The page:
When Tech Titans Become Parents
A funny thing happened when the engineering gurus of Silicon Valley started having kids: a flood of confessionals and op-ed articles revealing exactly how our digital sausage is made. The fact that most of their own kids are tech vegans has many of us considering similar pediatric diets.
by Kristina Stewart Ward
Tristan Harris, the former Design Ethicist at Google, is widely cited among the earliest Silicon Valley insiders to pull back the curtain on the inner workings of how technology impacts our lives and the lives of our kids. In the process, he created a think tank: the Center for Human Technology. “Most parents equate kids’ use of technology to our own use of the telephone,” he explains, “but what this misses is that our telephone didn’t have a thousand engineers on the other side of the phone who were redesigning it every day to be more and more persuasive.”
“This is a war for attention,” he continues. “The race to get, and keep, children’s attention ends up training them to replace their self-worth with ‘likes,’ encourages comparison with others, and creates the constant illusion of missing out. Snapchat turns conversations into streaks, redefining how our children measure friendship. Instagram glorifies the picture-perfect life, eroding our self-worth. Facebook segregates us into echo chambers, fragmenting our communities. YouTube keeps us hooked by autoplaying the next video within seconds—even if it eats into our sleep.”
If these unflinching revelations make you suspect that Tristan has become an outcast in the Silicon Valley world where he made his name, you should take a look at his think tank’s board of directors, a vaulted list includes the co-founders of Facebook, Siri, Lyft and Pinterest (Chris Hughes, Tom Gruber, John Zimmer and Evan Sharp.) They’re in good company when it comes to digital demi-gods getting candid on what screens are doing to our (and their) kids.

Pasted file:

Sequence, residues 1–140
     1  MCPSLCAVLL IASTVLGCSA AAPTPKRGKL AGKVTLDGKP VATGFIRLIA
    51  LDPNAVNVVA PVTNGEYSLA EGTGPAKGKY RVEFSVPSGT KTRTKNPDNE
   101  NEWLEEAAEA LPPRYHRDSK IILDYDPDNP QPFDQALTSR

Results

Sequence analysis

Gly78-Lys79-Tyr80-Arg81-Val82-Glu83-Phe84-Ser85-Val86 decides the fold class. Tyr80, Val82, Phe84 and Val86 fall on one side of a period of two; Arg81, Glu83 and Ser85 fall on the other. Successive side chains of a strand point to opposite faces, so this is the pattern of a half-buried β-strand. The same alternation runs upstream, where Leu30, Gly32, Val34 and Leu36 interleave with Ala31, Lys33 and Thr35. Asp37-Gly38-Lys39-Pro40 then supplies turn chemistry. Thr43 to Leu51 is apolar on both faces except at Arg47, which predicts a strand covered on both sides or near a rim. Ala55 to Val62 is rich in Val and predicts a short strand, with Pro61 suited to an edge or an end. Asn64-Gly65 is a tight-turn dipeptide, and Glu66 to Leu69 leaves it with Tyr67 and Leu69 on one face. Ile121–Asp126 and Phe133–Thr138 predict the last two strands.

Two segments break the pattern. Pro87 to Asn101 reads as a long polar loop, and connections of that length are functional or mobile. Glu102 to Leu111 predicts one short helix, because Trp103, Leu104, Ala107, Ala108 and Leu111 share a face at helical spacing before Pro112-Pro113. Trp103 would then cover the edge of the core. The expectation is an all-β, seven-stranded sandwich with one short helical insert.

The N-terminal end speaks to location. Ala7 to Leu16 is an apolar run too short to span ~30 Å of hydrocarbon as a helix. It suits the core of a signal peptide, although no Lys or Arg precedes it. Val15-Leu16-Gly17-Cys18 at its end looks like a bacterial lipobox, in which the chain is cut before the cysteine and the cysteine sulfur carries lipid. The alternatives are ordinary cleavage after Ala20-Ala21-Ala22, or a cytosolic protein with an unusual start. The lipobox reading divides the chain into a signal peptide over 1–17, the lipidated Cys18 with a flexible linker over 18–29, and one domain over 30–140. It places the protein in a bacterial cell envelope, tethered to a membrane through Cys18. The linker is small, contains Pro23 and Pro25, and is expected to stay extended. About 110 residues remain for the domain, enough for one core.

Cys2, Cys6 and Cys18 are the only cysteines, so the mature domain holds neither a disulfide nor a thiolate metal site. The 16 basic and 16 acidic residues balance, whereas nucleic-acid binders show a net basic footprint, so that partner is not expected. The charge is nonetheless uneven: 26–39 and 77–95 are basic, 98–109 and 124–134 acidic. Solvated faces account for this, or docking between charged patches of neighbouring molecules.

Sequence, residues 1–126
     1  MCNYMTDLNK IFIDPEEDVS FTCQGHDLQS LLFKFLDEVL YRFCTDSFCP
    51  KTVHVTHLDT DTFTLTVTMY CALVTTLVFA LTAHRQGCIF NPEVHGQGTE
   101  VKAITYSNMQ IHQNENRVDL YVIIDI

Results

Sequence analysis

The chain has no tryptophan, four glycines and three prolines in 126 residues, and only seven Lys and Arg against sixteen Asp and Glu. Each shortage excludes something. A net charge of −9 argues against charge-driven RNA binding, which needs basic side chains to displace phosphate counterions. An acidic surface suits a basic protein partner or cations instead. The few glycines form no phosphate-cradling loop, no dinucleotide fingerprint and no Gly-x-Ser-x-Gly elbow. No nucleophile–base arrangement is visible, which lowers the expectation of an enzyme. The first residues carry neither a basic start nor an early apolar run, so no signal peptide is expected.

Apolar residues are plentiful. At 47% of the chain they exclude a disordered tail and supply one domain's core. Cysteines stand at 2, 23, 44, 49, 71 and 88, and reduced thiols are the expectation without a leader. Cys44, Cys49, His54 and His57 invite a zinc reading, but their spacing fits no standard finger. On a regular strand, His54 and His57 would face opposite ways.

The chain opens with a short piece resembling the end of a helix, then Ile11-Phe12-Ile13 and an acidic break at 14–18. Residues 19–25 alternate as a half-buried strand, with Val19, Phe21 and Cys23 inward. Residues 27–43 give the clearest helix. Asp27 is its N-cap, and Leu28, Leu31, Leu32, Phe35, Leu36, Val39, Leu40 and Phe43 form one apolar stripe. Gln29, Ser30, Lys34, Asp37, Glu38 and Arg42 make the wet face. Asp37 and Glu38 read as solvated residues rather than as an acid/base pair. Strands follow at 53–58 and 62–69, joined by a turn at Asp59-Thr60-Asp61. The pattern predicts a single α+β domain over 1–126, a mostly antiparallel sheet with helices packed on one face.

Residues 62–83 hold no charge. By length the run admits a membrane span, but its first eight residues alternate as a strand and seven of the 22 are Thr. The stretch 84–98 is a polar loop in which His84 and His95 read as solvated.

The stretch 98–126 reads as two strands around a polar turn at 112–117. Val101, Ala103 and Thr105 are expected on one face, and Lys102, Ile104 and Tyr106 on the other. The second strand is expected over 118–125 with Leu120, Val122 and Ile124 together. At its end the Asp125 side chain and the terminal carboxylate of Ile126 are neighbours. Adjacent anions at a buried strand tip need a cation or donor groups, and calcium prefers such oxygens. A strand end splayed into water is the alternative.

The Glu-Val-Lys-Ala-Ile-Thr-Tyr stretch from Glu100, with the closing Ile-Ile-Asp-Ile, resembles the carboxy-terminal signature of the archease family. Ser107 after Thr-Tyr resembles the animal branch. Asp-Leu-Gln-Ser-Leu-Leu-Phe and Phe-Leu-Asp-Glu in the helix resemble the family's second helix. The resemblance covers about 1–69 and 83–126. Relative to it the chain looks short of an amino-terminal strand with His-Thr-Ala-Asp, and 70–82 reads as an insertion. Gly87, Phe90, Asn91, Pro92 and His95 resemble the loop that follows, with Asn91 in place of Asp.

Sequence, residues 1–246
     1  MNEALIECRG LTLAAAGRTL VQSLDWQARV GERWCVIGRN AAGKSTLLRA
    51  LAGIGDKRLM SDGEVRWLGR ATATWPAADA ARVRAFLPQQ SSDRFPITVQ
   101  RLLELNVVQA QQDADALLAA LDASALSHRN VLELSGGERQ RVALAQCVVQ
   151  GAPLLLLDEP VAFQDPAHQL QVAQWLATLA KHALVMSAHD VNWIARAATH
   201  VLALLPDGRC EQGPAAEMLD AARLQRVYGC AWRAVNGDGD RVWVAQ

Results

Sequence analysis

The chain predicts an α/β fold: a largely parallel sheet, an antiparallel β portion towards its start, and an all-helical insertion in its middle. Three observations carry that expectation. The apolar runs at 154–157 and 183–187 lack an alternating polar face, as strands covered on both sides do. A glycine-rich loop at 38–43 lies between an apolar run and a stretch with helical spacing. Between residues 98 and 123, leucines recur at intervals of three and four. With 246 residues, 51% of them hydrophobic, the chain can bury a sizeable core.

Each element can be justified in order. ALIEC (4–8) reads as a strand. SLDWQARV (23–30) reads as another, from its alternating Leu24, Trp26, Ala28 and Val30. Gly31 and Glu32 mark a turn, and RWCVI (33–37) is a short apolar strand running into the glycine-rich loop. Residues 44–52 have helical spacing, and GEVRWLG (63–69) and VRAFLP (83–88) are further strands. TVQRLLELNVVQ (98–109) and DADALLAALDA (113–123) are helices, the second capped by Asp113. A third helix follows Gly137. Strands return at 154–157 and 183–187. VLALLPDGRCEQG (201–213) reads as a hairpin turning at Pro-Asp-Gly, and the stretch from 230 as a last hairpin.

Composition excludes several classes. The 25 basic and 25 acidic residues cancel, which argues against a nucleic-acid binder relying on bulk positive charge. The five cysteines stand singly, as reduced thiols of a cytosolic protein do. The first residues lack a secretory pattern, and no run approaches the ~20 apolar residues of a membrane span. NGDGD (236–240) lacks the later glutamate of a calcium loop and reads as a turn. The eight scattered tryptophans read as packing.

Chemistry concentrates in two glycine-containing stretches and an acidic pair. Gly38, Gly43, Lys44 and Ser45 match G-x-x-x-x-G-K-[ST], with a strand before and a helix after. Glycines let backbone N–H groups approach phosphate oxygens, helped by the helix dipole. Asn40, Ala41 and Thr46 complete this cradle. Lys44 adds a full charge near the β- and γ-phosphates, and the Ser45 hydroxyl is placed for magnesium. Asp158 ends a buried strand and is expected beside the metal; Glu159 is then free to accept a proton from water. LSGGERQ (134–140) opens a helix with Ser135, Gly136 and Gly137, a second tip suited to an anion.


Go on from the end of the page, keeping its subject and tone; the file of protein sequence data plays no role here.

Tony Fadell co-invented the iPhone and he offers: “We’ve unleashed a beast, and there are a lot of unintended consequences. I don’t think we yet have the tools we need to understand what we do every day; we don’t have enough data about our habits on our devices.” Fadell’s former boss, the late Steve Jobs, famously didn’t let his kids use iPads, admitting on the record, “We limit the amount of time our kids spend on devices.” His successor, Apple CEO Tim Cook said last year: “I don’t believe in overuse; I’m not a person that says we’ve achieved success if you’re using it all the time. I have a nephew that I put some boundaries on. There are some things I won’t allow; I don’t want him on a social network.”
The race to get and keep children’s attention ends up training them to replace their self-worth with ‘likes,’ encourages comparison with others, and creates the constant illusion of missing out.
Chamath Palihapitiya, Facebook’s former VP of User Growth doesn’t mince words when it comes to gaming, social media, and devices in general: “The short-term, dopamine-driven feedback loops that we have created are destroying how society works, but I can control my decisions, which is that I don’t use that sh%t. I can control my kids’ decisions, which is that they’re not allowed to use that sh%t.”